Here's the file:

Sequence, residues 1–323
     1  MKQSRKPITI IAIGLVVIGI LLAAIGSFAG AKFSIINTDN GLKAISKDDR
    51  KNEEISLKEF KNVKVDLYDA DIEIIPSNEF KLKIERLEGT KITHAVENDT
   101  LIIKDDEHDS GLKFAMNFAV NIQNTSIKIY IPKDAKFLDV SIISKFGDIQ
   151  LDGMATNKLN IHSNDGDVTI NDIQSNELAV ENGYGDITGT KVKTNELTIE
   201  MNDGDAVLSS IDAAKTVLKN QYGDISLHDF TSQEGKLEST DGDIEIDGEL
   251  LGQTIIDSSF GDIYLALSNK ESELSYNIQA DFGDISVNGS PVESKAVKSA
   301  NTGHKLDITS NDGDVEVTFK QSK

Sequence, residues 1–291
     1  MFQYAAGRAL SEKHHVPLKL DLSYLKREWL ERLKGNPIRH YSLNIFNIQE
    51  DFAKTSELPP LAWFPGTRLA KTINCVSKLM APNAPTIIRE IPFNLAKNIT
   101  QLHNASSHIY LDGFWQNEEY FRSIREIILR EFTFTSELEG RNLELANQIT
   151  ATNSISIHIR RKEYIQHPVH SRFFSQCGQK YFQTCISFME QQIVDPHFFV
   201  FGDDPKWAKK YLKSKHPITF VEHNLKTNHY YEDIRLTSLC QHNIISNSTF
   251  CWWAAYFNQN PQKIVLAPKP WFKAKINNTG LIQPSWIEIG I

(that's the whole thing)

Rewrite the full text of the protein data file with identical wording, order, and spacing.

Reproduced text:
Sequence, residues 1–323
     1  MKQSRKPITI IAIGLVVIGI LLAAIGSFAG AKFSIINTDN GLKAISKDDR
    51  KNEEISLKEF KNVKVDLYDA DIEIIPSNEF KLKIERLEGT KITHAVENDT
   101  LIIKDDEHDS GLKFAMNFAV NIQNTSIKIY IPKDAKFLDV SIISKFGDIQ
   151  LDGMATNKLN IHSNDGDVTI NDIQSNELAV ENGYGDITGT KVKTNELTIE
   201  MNDGDAVLSS IDAAKTVLKN QYGDISLHDF TSQEGKLEST DGDIEIDGEL
   251  LGQTIIDSSF GDIYLALSNK ESELSYNIQA DFGDISVNGS PVESKAVKSA
   301  NTGHKLDITS NDGDVEVTFK QSK

Sequence, residues 1–291
     1  MFQYAAGRAL SEKHHVPLKL DLSYLKREWL ERLKGNPIRH YSLNIFNIQE
    51  DFAKTSELPP LAWFPGTRLA KTINCVSKLM APNAPTIIRE IPFNLAKNIT
   101  QLHNASSHIY LDGFWQNEEY FRSIREIILR EFTFTSELEG RNLELANQIT
   151  ATNSISIHIR RKEYIQHPVH SRFFSQCGQK YFQTCISFME QQIVDPHFFV
   201  FGDDPKWAKK YLKSKHPITF VEHNLKTNHY YEDIRLTSLC QHNIISNSTF
   251  CWWAAYFNQN PQKIVLAPKP WFKAKINNTG LIQPSWIEIG I